What Should I Expect at a Social Security Mental Evaluation?
When you claim a mental impairment is preventing you from engaging in substantial gainful activity, the Social Security Administration (SSA) will likely schedule a mental examination for you to attend. This mental examination is performed by a doctor (paid by SSA) who is determining what types of activities you can still do and what you cannot do.
There are two different types of mental examinations: a psychological examination and a psychiatric examination. The psychological examination is meant to test for skills such as memory, mental status, and IQ. A psychiatric examination is meant to test for other mental health conditions. Typically, if you have a history of a mental impairment and have received treatment for it, SSA may send you to a psychiatric examination to have a better understanding of what you are capable of doing today.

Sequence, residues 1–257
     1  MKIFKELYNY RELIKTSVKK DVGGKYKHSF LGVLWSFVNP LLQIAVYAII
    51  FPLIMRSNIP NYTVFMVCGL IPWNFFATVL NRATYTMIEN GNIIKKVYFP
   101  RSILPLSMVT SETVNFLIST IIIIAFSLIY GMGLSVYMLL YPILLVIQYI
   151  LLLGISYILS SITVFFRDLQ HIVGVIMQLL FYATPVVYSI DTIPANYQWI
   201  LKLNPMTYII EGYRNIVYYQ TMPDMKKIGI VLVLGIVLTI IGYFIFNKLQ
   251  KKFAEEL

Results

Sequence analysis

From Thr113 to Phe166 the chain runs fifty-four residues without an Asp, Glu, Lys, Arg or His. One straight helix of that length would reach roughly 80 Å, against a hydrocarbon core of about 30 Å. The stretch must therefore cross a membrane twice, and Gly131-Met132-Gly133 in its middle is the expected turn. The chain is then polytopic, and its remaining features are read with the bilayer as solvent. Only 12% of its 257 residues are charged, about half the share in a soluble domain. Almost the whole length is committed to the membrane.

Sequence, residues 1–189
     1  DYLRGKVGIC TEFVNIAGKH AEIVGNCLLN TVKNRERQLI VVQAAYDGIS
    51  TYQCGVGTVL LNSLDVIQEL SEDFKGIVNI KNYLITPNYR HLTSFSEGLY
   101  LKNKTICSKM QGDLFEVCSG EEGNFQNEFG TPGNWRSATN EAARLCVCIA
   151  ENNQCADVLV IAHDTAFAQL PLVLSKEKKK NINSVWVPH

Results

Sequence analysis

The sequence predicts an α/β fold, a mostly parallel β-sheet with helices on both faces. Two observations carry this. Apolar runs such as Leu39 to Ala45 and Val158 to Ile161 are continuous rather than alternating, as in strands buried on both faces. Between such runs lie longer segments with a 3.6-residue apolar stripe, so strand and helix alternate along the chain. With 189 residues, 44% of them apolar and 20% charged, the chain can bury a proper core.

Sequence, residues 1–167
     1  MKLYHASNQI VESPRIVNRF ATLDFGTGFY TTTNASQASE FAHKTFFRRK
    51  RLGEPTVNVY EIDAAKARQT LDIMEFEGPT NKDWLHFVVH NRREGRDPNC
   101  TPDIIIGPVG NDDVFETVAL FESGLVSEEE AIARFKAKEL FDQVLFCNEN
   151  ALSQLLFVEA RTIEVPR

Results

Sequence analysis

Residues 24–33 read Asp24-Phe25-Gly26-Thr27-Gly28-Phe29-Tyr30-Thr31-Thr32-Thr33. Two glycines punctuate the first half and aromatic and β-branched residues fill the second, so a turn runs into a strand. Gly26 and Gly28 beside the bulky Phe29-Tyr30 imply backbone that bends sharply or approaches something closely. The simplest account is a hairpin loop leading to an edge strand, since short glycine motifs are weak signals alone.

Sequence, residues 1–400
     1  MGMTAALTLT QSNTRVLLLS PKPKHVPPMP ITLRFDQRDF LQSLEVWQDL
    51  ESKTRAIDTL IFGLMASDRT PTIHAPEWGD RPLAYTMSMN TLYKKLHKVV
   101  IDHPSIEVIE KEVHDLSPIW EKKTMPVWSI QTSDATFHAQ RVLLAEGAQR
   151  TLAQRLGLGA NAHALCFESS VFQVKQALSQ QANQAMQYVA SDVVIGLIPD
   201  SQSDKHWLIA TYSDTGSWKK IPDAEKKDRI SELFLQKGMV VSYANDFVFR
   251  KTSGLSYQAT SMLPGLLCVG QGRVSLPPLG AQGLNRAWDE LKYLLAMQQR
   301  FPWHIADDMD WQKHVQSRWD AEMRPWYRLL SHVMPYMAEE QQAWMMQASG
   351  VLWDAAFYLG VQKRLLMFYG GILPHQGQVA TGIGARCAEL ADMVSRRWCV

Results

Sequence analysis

During a mental examination, the examiner is looking at the following things, just to name a few:
- Your mannerisms and approach to the examiner
- How you dress and how well you are groomed
- Whether you make eye contact
- Whether you can concentrate and focus
- What your thought process is like
- Whether you have any perceptual abnormalities
- Whether you have, or have had, any suicidal or homicidal ideations
- An estimate of your intelligence level
The best advice is to be yourself during these exams. Do not spend hours and hours preparing for it; do not change the way you dress or shave or do your hair for this exam. You need to take this time to let the examiner know what it is like to be you for a day.